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Sri Lankan Pineapples Granted China Market Access

April 10, 2024

On April 1, the General Administration of Customs of China issued an announcement outlining the phytosanitary requirements for importing fresh pineapples from Sri Lanka. Pineapples are the second fruit from Sri Lanka to gain market access to China, following bananas, which were granted approval in 2015.

The most common pineapple variety in Sri Lanka is the Mauritius (“Queen”) pineapple. This fruit is known for its conical shape, spiny leaves and golden yellow flesh, and its rich aroma and sweet taste make it ideal for fresh consumption.

Despite Sri Lanka having over 100 kinds of edible fruits, the local agricultural sector is underdeveloped, resulting in significant post-harvest losses, low yields and a failure to meet international quality standards. Although Sri Lankan bananas were approved for export to China almost a decade ago, actual shipments remain almost nonexistent.

In May 2023, the United Nations Food and Agriculture Organization’s South–South Cooperation program launched a new project in Sri Lanka with a budget of $1.5 million. The initiative aims to improve the production and commercialization of Sri Lankan fruit value chains, enhance fruit quality, and increase the sector’s market value. Over the course of two and a half years, the project will be implemented across five regions in Sri Lanka, focusing on improving the production, yield and commercialization of three important local fruit crops: bananas, mangos and pineapples.

The GACC announcement details the quarantine pests of concern, which include the giant African snail (Lissachatina fulica), cotton thrips (Frankliniella schultzei), papaya mealybug (Paracoccus marginatus), obscure mealybug (Pseudococcus viburni), brown soft scale (Coccus hesperidum), cockspur grass (Echinochloa crus-galli), East African couchgrass (Digitaria abyssinica), tomato spotted wilt orthotospovirus and Dickeya dadantii, a bacterium responsible for soft rot.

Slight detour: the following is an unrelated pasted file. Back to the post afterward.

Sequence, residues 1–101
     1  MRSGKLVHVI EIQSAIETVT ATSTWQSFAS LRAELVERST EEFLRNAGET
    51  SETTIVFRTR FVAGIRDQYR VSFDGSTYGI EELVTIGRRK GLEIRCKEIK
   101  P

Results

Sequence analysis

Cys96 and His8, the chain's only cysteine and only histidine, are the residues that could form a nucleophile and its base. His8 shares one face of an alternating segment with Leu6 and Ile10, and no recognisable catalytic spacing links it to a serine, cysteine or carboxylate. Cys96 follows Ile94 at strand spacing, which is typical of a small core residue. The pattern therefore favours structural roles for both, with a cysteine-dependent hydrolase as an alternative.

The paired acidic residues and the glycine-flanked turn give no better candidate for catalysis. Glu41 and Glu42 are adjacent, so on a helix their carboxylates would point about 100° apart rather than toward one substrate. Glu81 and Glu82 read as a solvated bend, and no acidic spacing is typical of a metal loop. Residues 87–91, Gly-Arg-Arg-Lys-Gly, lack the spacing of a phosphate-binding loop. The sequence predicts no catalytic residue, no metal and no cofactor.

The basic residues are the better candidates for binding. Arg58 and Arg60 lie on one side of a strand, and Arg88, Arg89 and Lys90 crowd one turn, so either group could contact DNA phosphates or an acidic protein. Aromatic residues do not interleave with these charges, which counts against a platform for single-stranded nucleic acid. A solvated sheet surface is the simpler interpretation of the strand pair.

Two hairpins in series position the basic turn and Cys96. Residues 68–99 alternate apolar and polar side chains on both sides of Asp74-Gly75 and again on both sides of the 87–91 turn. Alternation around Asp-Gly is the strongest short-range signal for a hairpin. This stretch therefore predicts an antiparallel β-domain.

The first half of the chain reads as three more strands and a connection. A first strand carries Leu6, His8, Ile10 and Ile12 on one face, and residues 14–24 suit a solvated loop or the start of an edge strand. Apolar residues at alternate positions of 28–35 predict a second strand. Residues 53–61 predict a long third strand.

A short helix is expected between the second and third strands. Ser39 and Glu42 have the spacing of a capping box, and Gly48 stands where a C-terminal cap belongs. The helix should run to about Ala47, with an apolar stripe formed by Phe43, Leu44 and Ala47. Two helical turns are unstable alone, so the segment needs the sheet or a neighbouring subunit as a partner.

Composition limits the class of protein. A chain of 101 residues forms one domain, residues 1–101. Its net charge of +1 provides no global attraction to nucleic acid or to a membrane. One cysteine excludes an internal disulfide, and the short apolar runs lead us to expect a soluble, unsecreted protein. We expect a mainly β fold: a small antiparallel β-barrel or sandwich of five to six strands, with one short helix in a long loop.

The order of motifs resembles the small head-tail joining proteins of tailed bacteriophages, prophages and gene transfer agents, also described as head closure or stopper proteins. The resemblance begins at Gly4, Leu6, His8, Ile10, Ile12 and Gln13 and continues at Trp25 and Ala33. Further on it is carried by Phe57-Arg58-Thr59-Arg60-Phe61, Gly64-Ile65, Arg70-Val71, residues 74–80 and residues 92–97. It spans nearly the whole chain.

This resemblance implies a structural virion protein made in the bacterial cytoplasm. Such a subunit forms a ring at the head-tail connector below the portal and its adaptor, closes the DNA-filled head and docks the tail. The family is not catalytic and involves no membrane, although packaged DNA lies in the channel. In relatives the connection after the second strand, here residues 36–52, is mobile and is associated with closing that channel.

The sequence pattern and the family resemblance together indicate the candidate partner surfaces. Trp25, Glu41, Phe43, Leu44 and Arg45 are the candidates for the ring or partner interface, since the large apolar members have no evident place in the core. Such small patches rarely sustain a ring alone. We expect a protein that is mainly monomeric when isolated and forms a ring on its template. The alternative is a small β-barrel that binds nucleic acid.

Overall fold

According to the phytosanitary protocol, orchards intending to export fresh pineapples to China are required to establish a comprehensive quality management and traceability system under Sri Lankan supervision as well as implementing good agricultural practices and integrated pest management techniques. During the packaging process, procedures such as manual sorting, screening, scrubbing or high-pressure water jet cleaning must be used to ensure that the fruits and crowns are free from potential contaminants such as insects, mites, snails, rot, grass seeds, plant residues and soil.

In the first two years after the commencement of trade, Sri Lankan authorities are required to take samples of each shipment, inspecting no less than 2% of each batch. If no phytosanitary issues arise within this two-year period, the sampling proportion may be reduced to 1%. However, if any quarantine pests of concern are detected, the entire batch may not be exported to China. Moreover, depending on the situation, the relevant orchards and packaging plants could be suspended from exporting pineapples to China for the remainder of the export season. Sri Lankan authorities must also make efforts to identify the underlying causes and take effective measures, as well as maintaining records and providing them to Chinese authorities upon request.

Image: Unsplash

This article was translated from Chinese. Read the original article.


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